Color My World

Jane Gottlieb: Beyond Belief

At the Carnegie Art Museum, through June 4.

Reviewed by Charles Donelan

JG-MiroGarden-xl.jpgSanta Barbara artist Jane Gottlieb has a thing about color. She likes it heavy, unnatural, and super-saturated. Fine for a painter, but in a photographer — which Gottlieb is — it’s more often that not a bit over the top, a gesture that arouses and disturbs, often at the same time. Add the fact that this is not color found, as in pictures of brightly colored things, but rather color introduced, as in pictures of things brightly colored by hand, or Photoshop, and always after the picture has been taken, and you have the makings of a potential party, or a clamorous color collision. In her current show at the Carnegie Art Museum in downtown Oxnard, Gottlieb manages to produce mostly the former, in a festive atmosphere of slightly surreal landscapes oozing vibrant yellows, electric blues, and hot, hot, hot pinks.

Gottlieb’s subjects vary from the ridiculous to the sublime. Her 1995 image of “Miró’s Playground” twists the Spanish artist’s biomorphic sculpture away from his compadre Picasso and into the meta-artistic direction of Andy Warhol’s prints. “Life,” an impressive fantasy in pink, green, and yellow, takes as its point of departure a photo of our own MacKenzie Park lawn bowling facility. The transformation of the park scene, which — uncharacteristic of Gottlieb — includes a dozen or so human figures, is representative of the effect her incessant colorization has on the world as a whole. Majestic palms and a central stand of cacti take on iconic functions, suggesting a vaguely Egyptian sense of ceremony and ritual foreboding. The pink of the contrasting foliage riots toward the sky in twin clouds, while its repetition in the halos that surround the boles of the palms suggests fireworks. Bowlers and their green alike are casually translated from this realm to another, where it feels as though an alien invasion could be imminent.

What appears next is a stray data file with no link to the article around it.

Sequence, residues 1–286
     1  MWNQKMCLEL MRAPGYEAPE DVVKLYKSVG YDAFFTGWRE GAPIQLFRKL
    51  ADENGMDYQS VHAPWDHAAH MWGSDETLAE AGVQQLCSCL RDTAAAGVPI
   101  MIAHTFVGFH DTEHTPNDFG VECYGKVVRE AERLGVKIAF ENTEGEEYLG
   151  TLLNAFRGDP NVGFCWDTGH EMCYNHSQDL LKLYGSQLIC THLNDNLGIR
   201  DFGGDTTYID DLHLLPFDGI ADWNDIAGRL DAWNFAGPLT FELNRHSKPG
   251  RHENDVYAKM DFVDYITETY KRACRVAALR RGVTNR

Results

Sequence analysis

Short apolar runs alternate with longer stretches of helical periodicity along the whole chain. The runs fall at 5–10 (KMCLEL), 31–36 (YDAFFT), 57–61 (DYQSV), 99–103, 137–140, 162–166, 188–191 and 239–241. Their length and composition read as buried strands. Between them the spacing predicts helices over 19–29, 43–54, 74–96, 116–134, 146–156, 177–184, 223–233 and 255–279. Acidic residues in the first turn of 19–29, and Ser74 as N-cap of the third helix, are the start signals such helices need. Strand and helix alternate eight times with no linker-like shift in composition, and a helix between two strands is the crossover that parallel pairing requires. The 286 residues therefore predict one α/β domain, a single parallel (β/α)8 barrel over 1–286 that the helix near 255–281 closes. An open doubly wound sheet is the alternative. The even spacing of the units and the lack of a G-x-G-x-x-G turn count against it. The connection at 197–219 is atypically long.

The beauty of this show lies partly in its wonderful location, the quirky and surprising Carnegie Art Museum. With its Greek Revival columns and façade, and its location in the Centennial Plaza section of Oxnard, the museum is an improbable monument to the persistence of “culture” in the face of urbanization. Situated just a few short steps from a multiplex cinema, a Cold Stone Creamery, and a Starbucks, the museum manages to at once give off the enticing fizz of the new and the dignity and gravitas of the certifiably old. Gottlieb’s art, like the museum in which it is now on view, is a lively mixture of old and new, established and contemporary, that brings with it a festive and relaxed atmosphere in which marvelous things seem possible again.

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